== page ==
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Millett "Starving Student" hybrid amp

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  1. Beftus


    Cool, thanks! It means I understand the math behind the conversion. Never too old to learn something new. :)
  2. Beftus
    Could the 18AQ8 be used to make a Starving Student? Has an 18 volt heater @ 150mA current draw. The increased heater could be nice to lower the heat dissipated by the heatsinks when compared to a 12A.7 version.
    Found a site selling them for €4 a piece.
  3. the_equalizer
    Just looked that tube up in google, a double triode it seems. I'm pretty sure it'll work... but there's only one way to know for sure   :)
  4. Ikarios


    Also ArtemF created a 6J6 version using a couple resistors in place of the heater -
  5. nullstring


    or... given away [​IMG]
  6. Beftus


    You are generating a hot of heat and need a power supply capable of delivering much more current to make it work though. http://www.head-fi.org/forum/thread/319231/millett-starving-student-hybrid-amp/2145#post_5384865 
  7. Ikarios
    okay, I'm too excited - I can't keep it in anymore. here's a quick teaser shot [​IMG] hopefully I should be finished with the rest of the connections later this afternoon and can take real pics tonight.
  8. the_equalizer

    Wow !   Looks really nice and professional. I'm looking forward to seeing those pics tonight !
  9. Ikarios
    Ah, crap - was all excited to get everything all set up and working, and when I plugged in the power and flipped the switch - nothing. I disconnected everything and poked around with the multimeter. In my haste to case the thing up, I shorted my mosfets to ground. I guess I didn't seat my shoulder washer correctly (I mounted my mosfets the same way TomB did in his PCB build), and the metal tab on the mosfet (drain) must be touching the screw, which is in turn touching the case/ground. Are my mosfets fried, or can I just fix up the short and have everything work magically?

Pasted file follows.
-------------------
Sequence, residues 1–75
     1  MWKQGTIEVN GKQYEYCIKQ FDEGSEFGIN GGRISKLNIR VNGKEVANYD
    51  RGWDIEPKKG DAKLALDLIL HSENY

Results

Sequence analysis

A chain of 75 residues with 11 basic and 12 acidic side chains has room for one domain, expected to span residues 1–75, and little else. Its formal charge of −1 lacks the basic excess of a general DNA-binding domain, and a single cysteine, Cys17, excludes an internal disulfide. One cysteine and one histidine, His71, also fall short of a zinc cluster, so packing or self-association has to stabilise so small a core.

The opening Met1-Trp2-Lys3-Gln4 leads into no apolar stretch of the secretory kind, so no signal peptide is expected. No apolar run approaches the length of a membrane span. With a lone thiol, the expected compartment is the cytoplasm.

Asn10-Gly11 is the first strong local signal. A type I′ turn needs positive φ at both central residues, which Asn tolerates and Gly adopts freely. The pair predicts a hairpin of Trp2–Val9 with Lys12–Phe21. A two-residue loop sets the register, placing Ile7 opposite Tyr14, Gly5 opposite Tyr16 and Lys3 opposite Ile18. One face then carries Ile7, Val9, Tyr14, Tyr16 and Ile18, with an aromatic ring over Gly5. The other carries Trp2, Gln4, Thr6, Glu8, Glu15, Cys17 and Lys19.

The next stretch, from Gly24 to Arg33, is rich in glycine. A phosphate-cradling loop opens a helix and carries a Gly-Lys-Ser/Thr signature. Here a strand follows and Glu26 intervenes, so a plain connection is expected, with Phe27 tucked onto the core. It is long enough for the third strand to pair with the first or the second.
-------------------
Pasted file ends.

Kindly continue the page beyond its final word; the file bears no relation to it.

EDIT: did some more exploring regarding my mosfets.
    I switched around the nut and the screw head (i.e. screwing UP from the inside) and covered the screw threads with teflon tape, ensuring that it would not cause a short to ground, and that the shoulder washer was in place. upon flipping the power switch, a huge spark emits from somewhere on the back panel. needless to say I didn't want to find out exactly where this spark was coming from.
    I unmounted the mosfets and let them hang in midair, and turned on the amp for a few seconds - it appears to work fine, the LEDs light up, the mosfets get hot, and no spark. this ensures that I did not knock another part out of place and cause another short.
    So this means that there is a problem with the way I've mounted the mosfets. However, I'm not sure what part of the setup is causing a short. I'm going to leave this alone tonight and hope that I can find 4-40 plastic screws at work tomorrow. in the meantime, does anyone have any ideas?
    Thanks for your help!
  10. nullstring
    You should've used your multimeter to see whether or not your mosfets were shorted to ground in the first place..
    You don't need to turn it on to figure that out >_>
  11. the_equalizer

    Did you use a thermal Bergquist pad between the MOSFET tab and the case ?
  12. jamesbobo007
    Aflac, I am thinking like Equalizer, that your not using an insulator. The back of the MOSFET can not be grounded ! and if your not using a thermal pad its grounding out thru the heatsink.